Comments on the data table

(a) The simpler aliphatic amines are stronger bases than the simplest aromatic amines.

pKb(aliphatic)  <  pKb(aromatic)  and  Kb(aliphatic)  >  Kb(aromatic)

In the case of aromatic amines, the benzene ring has an minus inductive effect (-I electron shift) making the non-bonding electron pair on the nitrogen is less energetically favourable for protonation.

This weakens their basic character, increasing so if there are very electronegative substituents in the benzene ring.

However, in aliphatic amines, the alkyl groups have a plus inductive effect (+I electron shift) so the non-bonding electron pair on the nitrogen is more energetically favourable for protonation, making them stronger bases.

Remember we are talking about the relative strengths of weak bases, but there is a wide range in terms of Kb and pKb values (that is why the latter is on a logarithmic base 10 scale).

 

(b)

 

See also 7.10 The chemical properties of phenylamine including its acid-base chemistry


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8.4.3 The reaction of aliphatic bases with acids - neutralisation and salt formation

When ammonia or an organic amine base are neutralised, the base is protonated by the acid to give

protonation of inorganic base ammonia in water diagram balanced equation of formation of conjugate acid ammonium ion cation

ammonia   == protonation ==>  ammonium ion

 

protonation of base primary aliphatic amine ethylamine in water diagram balanced equation of formation of conjugate acid ethylammonium ion cation

ethylamine  == protonation ==> ethylammonium ion

 

Therefore, you can write neutralisation equations with strong mineral acids, just as you do with ammonia e.g.

NH3(aq)  +  HCl(aq)  ===>  NH4+(aq)  +  Cl-(aq)  == evap. ==> NH4+Cl-(s)

(preparation of ammonium chloride)

2NH3(aq)  +  H2SO4(aq)  ===>  2NH4+(aq)  +  SO42-(aq)  == evap. ==> (NH4+)2SO42-(s)

(preparation of ammonium sulfate)

CH3CH2NH2(aq)  +  HCl(aq)  ===>  CH3CH2NH3+(aq)  +  Cl-(aq)  == evap. ==> CH3CH2NH3+Cl-(s)

(preparation of ethylammonium chloride)

2CH3CH2NH2(aq)  +  H2SO4(aq)  ==>  2CH3CH2NH3+(aq)  +  SO42-(aq)  = evap. => (CH3CH2NH3+)2SO42-(s)

(preparation of ethylammonium sulfate)

 

Note:

(i) Using evaporation, the salts can crystallised out from aqueous solution, as you can with ammonium salts.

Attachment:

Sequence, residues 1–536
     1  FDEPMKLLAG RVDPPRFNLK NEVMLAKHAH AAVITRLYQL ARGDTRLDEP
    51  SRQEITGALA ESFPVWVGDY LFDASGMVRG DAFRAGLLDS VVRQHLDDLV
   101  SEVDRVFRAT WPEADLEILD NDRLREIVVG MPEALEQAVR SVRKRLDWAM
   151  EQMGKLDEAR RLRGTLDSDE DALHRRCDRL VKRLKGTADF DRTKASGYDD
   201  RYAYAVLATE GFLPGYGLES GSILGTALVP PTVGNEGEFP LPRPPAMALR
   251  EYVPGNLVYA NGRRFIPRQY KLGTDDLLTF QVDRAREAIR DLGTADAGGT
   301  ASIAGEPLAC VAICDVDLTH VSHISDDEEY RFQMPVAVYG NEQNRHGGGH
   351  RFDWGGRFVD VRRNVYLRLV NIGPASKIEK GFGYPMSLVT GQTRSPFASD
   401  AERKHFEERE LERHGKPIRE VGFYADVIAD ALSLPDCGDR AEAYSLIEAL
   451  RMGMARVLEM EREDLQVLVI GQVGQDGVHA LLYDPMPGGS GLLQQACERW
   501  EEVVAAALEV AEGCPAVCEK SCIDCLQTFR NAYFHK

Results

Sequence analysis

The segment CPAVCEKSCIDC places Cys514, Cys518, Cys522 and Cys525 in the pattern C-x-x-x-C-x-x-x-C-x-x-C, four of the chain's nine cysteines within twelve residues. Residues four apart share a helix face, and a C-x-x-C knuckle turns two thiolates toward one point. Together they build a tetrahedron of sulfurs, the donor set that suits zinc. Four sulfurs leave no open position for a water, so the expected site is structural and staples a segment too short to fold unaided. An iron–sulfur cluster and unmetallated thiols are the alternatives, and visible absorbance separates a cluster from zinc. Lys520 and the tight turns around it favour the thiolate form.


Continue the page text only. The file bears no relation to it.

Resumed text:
(ii) If in an amine preparation, the initial product is a salt, you add strong alkali like aqueous sodium hydroxide to free the base.

CH3CH2NH3+(aq)  +  OH-(aq)  ===> CH3CH2NH2(aq)  +  H2O(l)

Unfortunately, aliphatic amines are very soluble in water, so the separation is difficult, even using fractional distillation.

In the case of aromatic amines, they can be separated by steam distillation - see preparation of phenylamine.

 

See also 7.10 The chemical properties of phenylamine including its preparation and acid-base chemistry


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8.4.4 Conjugate acids - why are salts solutions of amine bases acidic?

The conjugate acids of weal bases are quite strong, so solutions of organic amine bases are acidic, with pH often <4.

You find the same with ammonium salts e.g. if put a piece of magnesium ribbon in ammonium chloride solution, it fizzes as hydrogen is evolved. Simple proof that the hydrated proton ion (H3O+) was formed.

NH4+(aq)  +  H2O(l)  ===>  NH3(aq)  +  H3O+(aq)

Therefore you get exactly the same effect with the ethylammonium ion

CH3CH2NH3+(aq)  +  H2O(l)  ===>  CH3CH2NH2(aq)  +  H3O+(aq)

If the add sodium hydrogencarbonate to an ethylammonium salt solution, carbon dioxide is evolved.

You can write the equation in terms of the ethylammonium ion acting as the acid e.g.

CH3CH2NH3+(aq)  +  HCO3-(aq)  ===>  CH3CH2NH2(aq)  +  H2O(l)  +  CO2(g)

 

See also 7.10 The chemical properties of phenylamine including its acid-base chemistry


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Doc Brown's Advanced Level Chemistry Revision Notes

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INDEX of Organic Nitrogen Compound NOTES

 All Advanced Organic Chemistry Notes